This item seems obvious, but some pet owners may think their animal is simply sleeping. If the animal cannot be roused from a sleep, contact a vet right away. The animal may have passed out. The vet will need to evaluate the animal to find out what could be happening to make the animal lose consciousness.
14. General Weakness and Difficulty with Mobility
Weakness and mobility problems are some of the most common signs of disease in pets. Of course, dogs and cats are known to suddenly start limping without apparent cause. But chronic cases of mobility issues should raise a red flag.
If your pet has been limping or has refused to move at all for several hours, it’s best to take them to the vet immediately in order to preempt any possible complications.
15. Struggling to Urinate
According to experts, dogs should urinate 3-5 times a day, and cats 2-4 times a day. Of course, there is no magic number as certain factors might affect the amount or frequency of urination. In instances of illness, however, your pet might not urinate at all.
If you notice that your cat or dog positions themselves to urinate but fails to let anything out, then be sure to see your veterinarian as soon as possible. It takes a while before conditions like UTI become apparent to pet owners. So your furry friend may have already been struggling with it for a while before it became noticeable.
16. Heavy Breathing and Coughing
If you’ve ever had a pet – dog or cat – you’ll know they let out hairballs every so often. So deep heaving and consequent vomiting might not seem like cause for alarm.
But be mindful of your pet whenever they do start to breathe heavily or cough. If they’ve been doing it for a few days without relief, then it’s high time you visit your vet. It could be a sign of a lung infection or a lower respiratory tract disease.
17. Various Seizures
Cats and dogs can have certain types of epilepsy. But be sure to visit your vet to determine whether or not your pet has a seizure disorder earlier on.
There are three phases to a seizure – the prodromal stage, critical stage, and the postictal stage. The first is a warning phase and will tell you that a seizure is about to occur. During the prodromal stage, your pet might seem tense, agitated, and anxious, and will likely start to pace, pant, and tremble.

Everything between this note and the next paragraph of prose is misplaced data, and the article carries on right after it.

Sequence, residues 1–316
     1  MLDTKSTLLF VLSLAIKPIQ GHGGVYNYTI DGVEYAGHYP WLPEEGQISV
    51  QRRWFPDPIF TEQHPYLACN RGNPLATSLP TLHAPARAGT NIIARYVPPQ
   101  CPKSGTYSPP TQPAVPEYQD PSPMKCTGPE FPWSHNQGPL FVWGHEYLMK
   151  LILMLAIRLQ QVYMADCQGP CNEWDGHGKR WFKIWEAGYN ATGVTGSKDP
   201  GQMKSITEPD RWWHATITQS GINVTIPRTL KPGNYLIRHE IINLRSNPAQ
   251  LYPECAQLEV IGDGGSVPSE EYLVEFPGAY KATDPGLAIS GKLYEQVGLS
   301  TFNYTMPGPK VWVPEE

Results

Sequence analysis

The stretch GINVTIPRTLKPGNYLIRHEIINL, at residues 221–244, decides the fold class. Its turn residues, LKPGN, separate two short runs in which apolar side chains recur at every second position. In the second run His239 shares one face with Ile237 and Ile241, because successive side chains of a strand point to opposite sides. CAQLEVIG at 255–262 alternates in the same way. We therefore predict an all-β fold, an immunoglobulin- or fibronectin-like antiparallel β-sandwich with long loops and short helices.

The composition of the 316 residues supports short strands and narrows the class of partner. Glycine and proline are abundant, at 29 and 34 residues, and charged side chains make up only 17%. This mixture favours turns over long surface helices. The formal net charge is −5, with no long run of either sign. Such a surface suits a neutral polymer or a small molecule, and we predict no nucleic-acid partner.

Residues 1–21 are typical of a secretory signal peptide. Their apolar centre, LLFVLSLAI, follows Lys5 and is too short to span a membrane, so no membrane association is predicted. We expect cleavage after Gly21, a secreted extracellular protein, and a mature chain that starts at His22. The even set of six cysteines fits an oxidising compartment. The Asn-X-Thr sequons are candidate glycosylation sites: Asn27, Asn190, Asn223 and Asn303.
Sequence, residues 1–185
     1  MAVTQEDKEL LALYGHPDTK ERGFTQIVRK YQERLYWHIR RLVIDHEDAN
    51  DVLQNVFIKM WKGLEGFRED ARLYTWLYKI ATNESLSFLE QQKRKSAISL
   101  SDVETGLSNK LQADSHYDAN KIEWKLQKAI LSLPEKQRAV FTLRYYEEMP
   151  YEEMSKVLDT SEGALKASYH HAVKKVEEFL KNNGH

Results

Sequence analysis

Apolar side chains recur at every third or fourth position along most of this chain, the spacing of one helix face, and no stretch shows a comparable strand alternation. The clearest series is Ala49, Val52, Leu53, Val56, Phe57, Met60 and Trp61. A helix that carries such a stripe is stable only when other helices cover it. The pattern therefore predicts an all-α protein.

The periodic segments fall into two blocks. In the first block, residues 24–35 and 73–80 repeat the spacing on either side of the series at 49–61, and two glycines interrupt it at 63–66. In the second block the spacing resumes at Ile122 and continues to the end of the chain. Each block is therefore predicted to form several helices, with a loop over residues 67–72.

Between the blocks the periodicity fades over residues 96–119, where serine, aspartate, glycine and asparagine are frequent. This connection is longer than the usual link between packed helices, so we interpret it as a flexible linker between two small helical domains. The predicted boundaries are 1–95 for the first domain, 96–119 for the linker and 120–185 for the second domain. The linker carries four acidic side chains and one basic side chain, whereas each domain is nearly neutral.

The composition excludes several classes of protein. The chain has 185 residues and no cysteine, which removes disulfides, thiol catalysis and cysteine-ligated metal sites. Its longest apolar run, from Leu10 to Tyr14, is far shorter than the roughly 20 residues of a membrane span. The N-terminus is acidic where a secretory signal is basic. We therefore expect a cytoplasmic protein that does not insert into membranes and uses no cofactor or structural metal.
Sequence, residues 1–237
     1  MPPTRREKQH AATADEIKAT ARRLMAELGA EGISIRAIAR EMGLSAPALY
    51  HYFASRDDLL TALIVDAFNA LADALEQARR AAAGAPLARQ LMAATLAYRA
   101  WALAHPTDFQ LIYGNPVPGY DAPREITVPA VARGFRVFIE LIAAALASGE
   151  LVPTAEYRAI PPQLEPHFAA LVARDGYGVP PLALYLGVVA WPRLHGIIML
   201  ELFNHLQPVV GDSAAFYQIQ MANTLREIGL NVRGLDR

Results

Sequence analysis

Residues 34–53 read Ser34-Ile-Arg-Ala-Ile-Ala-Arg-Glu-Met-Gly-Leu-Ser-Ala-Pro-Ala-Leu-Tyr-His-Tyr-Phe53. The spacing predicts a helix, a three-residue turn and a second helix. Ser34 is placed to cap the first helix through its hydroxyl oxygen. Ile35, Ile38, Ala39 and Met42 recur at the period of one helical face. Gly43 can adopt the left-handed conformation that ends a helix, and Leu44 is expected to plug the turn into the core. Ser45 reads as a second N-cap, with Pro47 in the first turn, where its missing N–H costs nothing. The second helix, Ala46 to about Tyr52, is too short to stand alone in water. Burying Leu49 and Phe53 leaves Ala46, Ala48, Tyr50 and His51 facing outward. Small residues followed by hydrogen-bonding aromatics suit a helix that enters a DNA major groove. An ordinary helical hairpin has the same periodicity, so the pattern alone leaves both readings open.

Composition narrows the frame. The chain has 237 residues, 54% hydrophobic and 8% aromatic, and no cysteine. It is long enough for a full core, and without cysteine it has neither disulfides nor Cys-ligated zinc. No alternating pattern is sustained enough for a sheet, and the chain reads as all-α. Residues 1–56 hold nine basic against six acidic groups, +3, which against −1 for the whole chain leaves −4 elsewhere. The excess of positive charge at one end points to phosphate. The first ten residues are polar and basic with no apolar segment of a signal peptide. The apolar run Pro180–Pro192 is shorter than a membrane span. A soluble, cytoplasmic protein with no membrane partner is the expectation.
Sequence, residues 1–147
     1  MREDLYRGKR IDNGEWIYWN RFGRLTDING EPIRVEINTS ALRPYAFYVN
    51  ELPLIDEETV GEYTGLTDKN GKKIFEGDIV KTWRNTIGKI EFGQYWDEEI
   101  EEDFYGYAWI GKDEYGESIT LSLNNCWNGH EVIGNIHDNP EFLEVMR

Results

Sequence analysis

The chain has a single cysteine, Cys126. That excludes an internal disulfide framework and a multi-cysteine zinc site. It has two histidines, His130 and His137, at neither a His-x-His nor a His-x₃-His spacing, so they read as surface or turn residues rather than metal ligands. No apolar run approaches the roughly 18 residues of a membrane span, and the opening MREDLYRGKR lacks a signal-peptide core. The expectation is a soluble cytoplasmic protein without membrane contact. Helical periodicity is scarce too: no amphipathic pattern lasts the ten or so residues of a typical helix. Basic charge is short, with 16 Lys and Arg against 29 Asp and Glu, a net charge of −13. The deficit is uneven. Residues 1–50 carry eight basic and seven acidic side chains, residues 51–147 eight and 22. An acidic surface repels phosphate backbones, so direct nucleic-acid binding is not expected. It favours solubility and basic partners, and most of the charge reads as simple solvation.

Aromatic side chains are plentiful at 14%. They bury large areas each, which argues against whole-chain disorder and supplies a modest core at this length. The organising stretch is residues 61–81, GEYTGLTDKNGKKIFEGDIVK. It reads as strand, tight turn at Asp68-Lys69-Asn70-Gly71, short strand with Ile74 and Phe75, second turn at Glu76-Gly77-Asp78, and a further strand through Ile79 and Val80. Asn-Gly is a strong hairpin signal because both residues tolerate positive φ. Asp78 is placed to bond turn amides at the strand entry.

On the first sign of a seizure, take your pet to the hospital immediately. While there’s nothing your vet can do to prevent it from happening, they can break the seizure by providing your pet with valium.
18. Troubles with Vomiting
Sick Cat Vomiting
Vomiting can sometimes be an everyday occurrence for pets, so pet owners usually take the issue lightly. But there are instances when vomiting should be a cause for concern.
Inspect your pet’s vomit for strange or foreign substances and blood. You might also want to consider logging how much and how often your pet vomits throughout the day. Three or more episodes of vomiting in a single day should warrant a trip to the vet.
It’s also ideal to keep an eye out for other tell-tale signs. For instance, some pets will refuse to lie down when they feel nauseated. If you suspect your pet is trying to prevent vomiting by maintaining a standing position, then seek the advice of a professional as soon as possible.
19. Serious Trauma and Severe Pain
In cases when your pet is involved in a seriously injurious accident or event, it’s imperative that you visit the vet immediately. The injury might not be apparent on the surface, but organs and other internal structures may have been seriously hurt, requiring urgent medical care and attention.
In these instances, you may want to inspect your pet’s body and their behavior. Signs of severe pain such as compensatory postures, refusal to move, and whimpering should tell you that there’s something wrong on the inside.
20. Refusing Food and Water
Sometimes your pet will have an appetite, other times, they might not eat at all. And that’s absolutely normal. However, if your pet has been refusing both food and water for a while now, and they seem weak, dull, and unwell, there might be more to it than the usual lack of appetite.
Often, a pet will refuse to take any food or water as a symptom of an existing condition or infection. Taking them to a veterinarian as soon as possible should help pinpoint the issue, resolve it, and restore your pet’s appetite.
Your pet’s health is your responsibility. Because these beloved creatures might not be able to express themselves in times of illness and injury, it’s up to you to determine when it’s time to visit the vet.
So at the first signs of problem, make sure you act by bringing your furry friend to the best veterinary specialist in your area for prompt and proper medical care and attention.